Father Robert Barron, host of the acclaimed “Catholicism” film documentary, makes a presentation at Magnificat Day in Philadelphia Nov. 9. (Maria Tucker)

SMYRNA, Ga. (CNS) — Chicago priest Father Robert Barron has a dream — for another grand, sweeping documentary on Catholicism.

It’s the latest goal for the priest who more than a dozen years ago was asked to jump-start an evangelical endeavor to “invade that space” where the church’s message was not often heard.

“If you want to reach people who are under 40, you have to use media. Things like YouTube had just come into being and we jumped into that with two feet,” said Father Barron. “If you want to find the unchurched Catholics and the secularists, you aren’t going to find them by staying in church and inviting them to programs. You have to use this new means. We have to invade that space.”

The author of 10 books and a weekly radio commentator, Father Barron brings to YouTube and the web a Catholic perspective on mainstream cultural events, from blockbuster movies like “World War Z” to same-sex marriage. He has posted more than 180 videos online and his viewers have topped a million.

Father Barron in 2000 founded the nonprofit Word on Fire that supports his efforts to draw people to the Catholic faith through new media. According to tax records, the nonprofit in 2011 had nearly $5 million in revenue generated by his diverse teaching tools, funds that go to support the mission of Word on Fire.

“What I like about the new media is it gives you a chance to get way outside the walls of the church,” said the priest, who is currently is rector of Mundelein Seminary in the Chicago Archdiocese.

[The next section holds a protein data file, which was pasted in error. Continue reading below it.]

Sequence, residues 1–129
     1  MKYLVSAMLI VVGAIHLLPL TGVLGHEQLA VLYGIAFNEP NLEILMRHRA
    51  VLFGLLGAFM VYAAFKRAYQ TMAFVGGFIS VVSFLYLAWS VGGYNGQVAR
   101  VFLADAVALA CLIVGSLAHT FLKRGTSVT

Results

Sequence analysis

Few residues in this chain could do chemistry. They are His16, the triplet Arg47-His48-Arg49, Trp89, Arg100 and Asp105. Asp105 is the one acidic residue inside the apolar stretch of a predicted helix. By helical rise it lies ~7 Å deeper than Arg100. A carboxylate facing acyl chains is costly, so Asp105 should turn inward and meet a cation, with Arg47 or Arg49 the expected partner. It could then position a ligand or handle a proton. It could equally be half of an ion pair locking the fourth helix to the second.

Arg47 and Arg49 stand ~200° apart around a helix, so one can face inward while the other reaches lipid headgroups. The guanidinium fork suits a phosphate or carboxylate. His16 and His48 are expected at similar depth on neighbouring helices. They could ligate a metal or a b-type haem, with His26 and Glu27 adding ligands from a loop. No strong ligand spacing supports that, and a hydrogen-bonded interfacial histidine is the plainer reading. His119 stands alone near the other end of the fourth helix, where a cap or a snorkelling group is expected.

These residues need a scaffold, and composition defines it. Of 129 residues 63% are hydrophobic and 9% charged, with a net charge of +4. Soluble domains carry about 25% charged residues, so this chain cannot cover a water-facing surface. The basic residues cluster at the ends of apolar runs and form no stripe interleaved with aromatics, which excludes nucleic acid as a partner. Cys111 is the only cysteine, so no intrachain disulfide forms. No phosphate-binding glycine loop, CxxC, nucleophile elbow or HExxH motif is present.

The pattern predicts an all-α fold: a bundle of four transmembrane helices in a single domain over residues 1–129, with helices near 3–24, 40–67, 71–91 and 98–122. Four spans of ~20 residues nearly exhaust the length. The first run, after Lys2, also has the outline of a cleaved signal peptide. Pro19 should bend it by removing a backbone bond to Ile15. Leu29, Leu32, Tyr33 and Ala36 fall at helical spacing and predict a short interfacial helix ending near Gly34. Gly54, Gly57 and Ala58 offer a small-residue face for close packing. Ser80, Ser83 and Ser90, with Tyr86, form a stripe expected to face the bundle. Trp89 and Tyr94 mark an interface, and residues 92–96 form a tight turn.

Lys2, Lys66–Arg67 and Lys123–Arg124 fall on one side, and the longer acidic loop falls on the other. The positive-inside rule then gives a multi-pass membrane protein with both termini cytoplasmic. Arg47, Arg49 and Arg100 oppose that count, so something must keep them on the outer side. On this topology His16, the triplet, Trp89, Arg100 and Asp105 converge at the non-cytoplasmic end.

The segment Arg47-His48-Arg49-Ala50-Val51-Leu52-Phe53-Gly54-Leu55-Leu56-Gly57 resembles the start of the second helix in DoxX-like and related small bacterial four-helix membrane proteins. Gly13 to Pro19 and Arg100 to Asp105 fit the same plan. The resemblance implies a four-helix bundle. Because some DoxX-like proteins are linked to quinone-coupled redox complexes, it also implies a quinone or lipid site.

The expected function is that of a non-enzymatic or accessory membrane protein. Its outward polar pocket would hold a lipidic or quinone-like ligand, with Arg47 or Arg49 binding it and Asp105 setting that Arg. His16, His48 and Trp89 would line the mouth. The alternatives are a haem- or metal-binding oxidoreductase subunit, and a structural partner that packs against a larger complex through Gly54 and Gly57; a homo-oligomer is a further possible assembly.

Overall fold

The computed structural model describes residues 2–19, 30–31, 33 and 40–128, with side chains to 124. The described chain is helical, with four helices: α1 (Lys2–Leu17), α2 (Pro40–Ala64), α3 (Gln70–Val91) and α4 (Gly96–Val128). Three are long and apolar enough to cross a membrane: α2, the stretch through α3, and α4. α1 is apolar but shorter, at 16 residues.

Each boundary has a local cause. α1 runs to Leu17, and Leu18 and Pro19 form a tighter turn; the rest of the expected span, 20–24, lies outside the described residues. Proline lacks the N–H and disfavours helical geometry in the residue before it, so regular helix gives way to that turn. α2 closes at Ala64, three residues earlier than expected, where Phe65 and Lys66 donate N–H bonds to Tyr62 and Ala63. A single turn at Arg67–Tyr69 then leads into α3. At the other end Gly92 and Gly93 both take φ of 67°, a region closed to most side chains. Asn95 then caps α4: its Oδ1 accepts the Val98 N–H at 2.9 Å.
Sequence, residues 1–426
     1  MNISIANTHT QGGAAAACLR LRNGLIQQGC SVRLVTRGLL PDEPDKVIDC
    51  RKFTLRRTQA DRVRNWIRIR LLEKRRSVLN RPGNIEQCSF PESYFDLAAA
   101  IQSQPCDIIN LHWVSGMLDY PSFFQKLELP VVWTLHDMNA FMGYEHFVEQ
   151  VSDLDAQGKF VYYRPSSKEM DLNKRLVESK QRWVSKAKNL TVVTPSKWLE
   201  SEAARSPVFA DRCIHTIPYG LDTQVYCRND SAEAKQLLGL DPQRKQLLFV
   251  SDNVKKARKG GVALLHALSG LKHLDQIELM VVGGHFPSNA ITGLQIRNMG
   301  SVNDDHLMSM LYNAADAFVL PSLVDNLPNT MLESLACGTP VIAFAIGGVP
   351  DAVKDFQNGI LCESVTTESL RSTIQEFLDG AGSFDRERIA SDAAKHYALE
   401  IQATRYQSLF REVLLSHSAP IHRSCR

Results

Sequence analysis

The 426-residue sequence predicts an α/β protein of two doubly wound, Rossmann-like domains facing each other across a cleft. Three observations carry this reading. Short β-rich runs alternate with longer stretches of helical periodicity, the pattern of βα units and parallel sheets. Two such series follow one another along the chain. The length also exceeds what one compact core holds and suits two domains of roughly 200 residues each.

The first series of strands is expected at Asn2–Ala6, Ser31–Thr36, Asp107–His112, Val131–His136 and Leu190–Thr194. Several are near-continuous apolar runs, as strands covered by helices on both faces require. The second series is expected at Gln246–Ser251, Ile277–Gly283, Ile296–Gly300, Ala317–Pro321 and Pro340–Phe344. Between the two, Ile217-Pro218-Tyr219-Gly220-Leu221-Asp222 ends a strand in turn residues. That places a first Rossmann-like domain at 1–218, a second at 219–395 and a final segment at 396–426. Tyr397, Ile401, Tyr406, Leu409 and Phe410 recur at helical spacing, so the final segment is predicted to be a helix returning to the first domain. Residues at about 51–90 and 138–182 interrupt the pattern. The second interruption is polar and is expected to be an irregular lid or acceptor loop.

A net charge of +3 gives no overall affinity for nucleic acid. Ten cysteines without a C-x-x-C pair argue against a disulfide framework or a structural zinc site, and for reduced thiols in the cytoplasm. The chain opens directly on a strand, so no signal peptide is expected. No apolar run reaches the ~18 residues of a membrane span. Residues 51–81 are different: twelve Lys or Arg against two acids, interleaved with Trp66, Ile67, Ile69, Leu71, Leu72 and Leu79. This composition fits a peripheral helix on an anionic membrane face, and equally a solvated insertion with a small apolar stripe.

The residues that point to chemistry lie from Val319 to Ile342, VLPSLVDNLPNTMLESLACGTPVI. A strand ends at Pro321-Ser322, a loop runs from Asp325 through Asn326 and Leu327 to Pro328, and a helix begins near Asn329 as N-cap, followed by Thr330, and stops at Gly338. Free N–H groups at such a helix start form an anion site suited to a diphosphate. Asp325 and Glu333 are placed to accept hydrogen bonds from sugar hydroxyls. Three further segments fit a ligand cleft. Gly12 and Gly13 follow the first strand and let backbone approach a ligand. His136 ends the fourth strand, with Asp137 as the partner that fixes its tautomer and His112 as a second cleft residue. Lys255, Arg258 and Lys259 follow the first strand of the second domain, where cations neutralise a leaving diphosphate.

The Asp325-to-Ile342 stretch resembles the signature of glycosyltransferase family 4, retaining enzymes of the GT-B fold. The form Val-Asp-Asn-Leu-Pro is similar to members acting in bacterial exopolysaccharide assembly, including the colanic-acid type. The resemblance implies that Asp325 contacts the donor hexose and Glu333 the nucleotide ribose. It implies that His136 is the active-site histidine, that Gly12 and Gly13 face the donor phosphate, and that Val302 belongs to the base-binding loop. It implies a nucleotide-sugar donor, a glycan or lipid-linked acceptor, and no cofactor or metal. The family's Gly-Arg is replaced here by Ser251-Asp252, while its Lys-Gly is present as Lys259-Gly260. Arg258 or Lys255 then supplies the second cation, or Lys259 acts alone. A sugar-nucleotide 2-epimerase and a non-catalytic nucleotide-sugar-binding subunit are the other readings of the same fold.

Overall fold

Father Barron, 53, said he works to spread the faith in a nonthreatening way because anything else and people ignore the message. He has a “no finger-waving” rule and instead aims to speak to “deep religious truths.”

His goal is to reach people who no longer sit in the pews and people he calls “secularists,” people with a viewpoint that “stifles the human spirit,” he said during a recent visit to the Atlanta Archdiocese.

It is an outlook that says the sciences “alone tell us all we need to know,” and which can shut down “the aspiration of the spirit toward the transcendent,” he said.

He likes Pope Francis’ image of the church as a “field hospital,” treating people’s wounds first. It is always best to lead with the “merciful face” of the Lord, he said.

Ordained in 1986, Father Barron took on the evangelization mission in new media when Chicago Cardinal Francis E. George charged him with the task. He was already an author and sought-after speaker, so he said the cardinal told him, “You are evangelizing wherever you go, so let’s kick it into a new gear.”

He’s inspired by Blessed John Paul II, who in 1983 called for a new evangelization that requires “new ardor, new methods and new expressions,” the priest said, to engage Catholics in renewing their faith and to reignite the Catholic faith where it has waned.

With podcasts, apps, websites, 28,000 likes on Facebook and some 37,000 Twitter followers, Father Barron reaches out and relies on social media tools to tell the story of faith.

“The church has to be in that world. It’s imperfect, it’s not the full expression of what we want, but I think the church should be in that space,” he said. “It should be in the space when the world is looking around.”

“Catholicism” was a 10-part documentary series shown nationwide on PBS. His new focus is on “Pivotal Players,” a project highlighting influential men who have shaped the church and civilization — . ranging from “the martyr, St. Irenaeus,” and “the reformer, St. Francis of Assisi” to “the evangelist, G.K. Chesterton.” It’s still in the formative stage and he needs to raise money for it — an estimated $4 million.

“What is needed today, above all, would not be new buildings, as important as they are always are; it’s not infrastructure, as important as that will always be. What is needed now is this outreach through the media,” he said. “We have to be proactive; we have to get people. We cannot trust they will come to our institutions. We have to reach them, and what we use is the new media.”

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Nelson is a staff writer at The Georgia Bulletin, newspaper of the Atlanta Archdiocese.